“Jesus Christ. It’s a free country. We can say what we want. If they want to dress all slutty, maybe they shouldn’t be surprised when people make comments,” Chase laughed.
Cora turned to him, slowly, taking steps until she was standing right in front of him.
“Oh, God, what are you going to do? Scoop me to death?” Chase guffawed, eyeing the spoon.
Cora dropped it, never leaving his eyes. Every eye in the house was on Cora and Chase. You could hear the plastic meet the floor with a distinct little clink.
“I don’t need anything for what I’ll do to you if you don’t leave these girls alone. Or anyone else for that matter.”
“What do you want me to do, go to the library then?” Chase chuckled.
Cora stared at him for a very long time, until his face contorted, he called her a bitch, and eventually backed out of the kitchen with his buddies. Cora breathed a sigh of relief inwardly as she turned to face her audience. They quickly averted their eyes and continued to go about their business. Everyone except Gina approached Cora without caution.
“No one’s ever spoken spoke to Chase like that,” Gina breathed, clearly enamored but hesitant.
She waited until the excitement around them died down and she could speak to Cora alone. Cora shrugged.
“How did you do that?” Gina asked, her deep brown eyes practically sparkling with curiosity.
“I don’t know. He was being a terrible person and I didn’t like it.”
“Well, none of us do,” Gina said a bit bitterly, “But none of us are ever able to say anything.”
Cora’s gaze was perfectly indifferent. She even seemed quite bored.
“Like I said, I don’t know. All I know is I’m sick of seeing people get away with certain things.”
Gina’s face proved she still had questions, but she laid them aside. Instead, both Gina and Cora found themselves looking up at the old disco ball that was gently spinning, reflecting off bursts of blue, purple, and green light. For that moment, they must’ve forgotten where they were. They temporarily nodded off, only to awake to the glimmering mirror ball. Enchanted. When they woke up, it was due to Gina’s nagging boyfriend.
“Come on, Gina,” he was pleading. “You promised.”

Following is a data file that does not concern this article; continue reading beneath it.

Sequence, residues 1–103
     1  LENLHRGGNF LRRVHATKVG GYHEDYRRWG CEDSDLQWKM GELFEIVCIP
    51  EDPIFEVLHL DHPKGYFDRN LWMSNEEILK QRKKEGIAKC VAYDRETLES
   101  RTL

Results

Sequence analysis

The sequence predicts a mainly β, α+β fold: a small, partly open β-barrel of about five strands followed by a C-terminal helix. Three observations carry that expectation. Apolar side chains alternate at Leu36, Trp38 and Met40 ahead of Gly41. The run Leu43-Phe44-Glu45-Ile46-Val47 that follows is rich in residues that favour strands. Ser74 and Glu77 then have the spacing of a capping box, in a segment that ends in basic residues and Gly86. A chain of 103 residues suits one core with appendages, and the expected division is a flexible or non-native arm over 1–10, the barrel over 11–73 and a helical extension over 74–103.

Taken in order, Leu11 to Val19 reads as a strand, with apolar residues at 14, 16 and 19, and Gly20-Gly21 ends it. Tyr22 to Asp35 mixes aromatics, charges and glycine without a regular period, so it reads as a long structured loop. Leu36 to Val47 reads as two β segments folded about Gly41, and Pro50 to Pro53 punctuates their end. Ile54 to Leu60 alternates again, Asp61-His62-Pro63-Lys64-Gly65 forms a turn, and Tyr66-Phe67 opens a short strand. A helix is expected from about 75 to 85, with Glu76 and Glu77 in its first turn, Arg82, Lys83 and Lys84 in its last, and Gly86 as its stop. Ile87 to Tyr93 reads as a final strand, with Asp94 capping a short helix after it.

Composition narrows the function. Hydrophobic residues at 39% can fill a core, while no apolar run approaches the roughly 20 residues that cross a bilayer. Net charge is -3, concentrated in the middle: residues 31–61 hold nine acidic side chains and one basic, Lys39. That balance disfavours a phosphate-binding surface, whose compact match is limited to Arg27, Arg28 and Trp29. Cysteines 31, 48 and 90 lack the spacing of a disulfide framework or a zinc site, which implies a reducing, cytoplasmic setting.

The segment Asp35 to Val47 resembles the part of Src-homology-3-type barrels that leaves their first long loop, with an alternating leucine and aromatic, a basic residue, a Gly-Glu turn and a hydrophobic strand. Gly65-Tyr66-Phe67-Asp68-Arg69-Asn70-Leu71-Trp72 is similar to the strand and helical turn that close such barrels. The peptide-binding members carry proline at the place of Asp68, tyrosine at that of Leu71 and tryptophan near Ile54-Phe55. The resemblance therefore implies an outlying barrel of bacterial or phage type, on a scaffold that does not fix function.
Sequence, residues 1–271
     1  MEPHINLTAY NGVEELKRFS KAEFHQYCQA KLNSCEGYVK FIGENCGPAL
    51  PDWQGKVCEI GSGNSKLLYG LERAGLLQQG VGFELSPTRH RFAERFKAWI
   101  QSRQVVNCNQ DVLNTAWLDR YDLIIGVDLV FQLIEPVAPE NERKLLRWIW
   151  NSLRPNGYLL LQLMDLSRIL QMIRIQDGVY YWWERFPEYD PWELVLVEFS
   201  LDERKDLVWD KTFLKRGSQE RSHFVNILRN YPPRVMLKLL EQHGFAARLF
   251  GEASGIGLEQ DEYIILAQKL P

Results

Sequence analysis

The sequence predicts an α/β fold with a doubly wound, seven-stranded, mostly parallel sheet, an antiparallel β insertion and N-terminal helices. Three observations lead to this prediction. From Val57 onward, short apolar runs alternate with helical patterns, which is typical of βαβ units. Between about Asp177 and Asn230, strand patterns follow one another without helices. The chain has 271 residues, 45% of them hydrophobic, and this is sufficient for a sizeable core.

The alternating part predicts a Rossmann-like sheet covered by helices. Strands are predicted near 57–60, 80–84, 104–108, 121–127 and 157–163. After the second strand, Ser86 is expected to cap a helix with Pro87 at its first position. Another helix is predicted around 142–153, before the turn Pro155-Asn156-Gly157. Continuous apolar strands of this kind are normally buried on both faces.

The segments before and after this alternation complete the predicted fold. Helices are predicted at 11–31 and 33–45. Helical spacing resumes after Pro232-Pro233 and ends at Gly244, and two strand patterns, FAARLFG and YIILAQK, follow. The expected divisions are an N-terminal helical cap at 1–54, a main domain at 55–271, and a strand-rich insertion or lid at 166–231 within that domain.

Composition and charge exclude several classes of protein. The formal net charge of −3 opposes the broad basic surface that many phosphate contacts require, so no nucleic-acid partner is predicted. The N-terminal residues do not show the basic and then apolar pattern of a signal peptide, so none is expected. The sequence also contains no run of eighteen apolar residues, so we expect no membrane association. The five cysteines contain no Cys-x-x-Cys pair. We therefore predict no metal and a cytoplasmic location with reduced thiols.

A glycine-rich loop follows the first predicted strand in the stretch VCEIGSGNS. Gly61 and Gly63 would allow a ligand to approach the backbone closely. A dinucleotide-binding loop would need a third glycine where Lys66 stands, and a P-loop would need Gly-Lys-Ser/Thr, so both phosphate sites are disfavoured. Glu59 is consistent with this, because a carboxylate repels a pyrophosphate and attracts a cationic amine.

Gina appeared deeply uncomfortable as he grabbed her, and Cora had to pretend she couldn’t hear them even though she was standing right beside them. She was listening intently though.
“Maybe later?” Gina offered, weakly.
The boyfriend grabbed hold of her wrist.
“No. You said that already.”
“I know but—”
“Come on,” he demanded, gruffly, dragging her once again.
Cora remained still, watching them disappear in the corner of her eye, never losing sight of their location.
“Yo! That was so funny. You got that football guy from your school all scared for his life in there!” Kitten clamored, skipping up to Cora.
“I know,” Cora replied.
“He’s actually real mad about it! He and his buddies stumbled out of the back door into their pickup, and no one’s seen them since.”
Kitten smiled at her, and Cora realized where Kitten got her nickname from. She looked like a little ginger kitten, just staring up at you, innocent and ignorant of everything happening around her, only wanting to play. Inwardly, Cora might have smiled, but she was too focused on what needed to happen next.
Cora left abruptly, hearing her mother’s voice in her ears. She pushed it away. The pink fabric of her dress swished around her legs as she stepped up the staircase. She really was the only one wearing a dress. The others wore ripped jeans and colorful crop tops. It didn’t make Cora feel self-conscious like how you might feel if you showed up at a wedding in a tracksuit. She felt fine.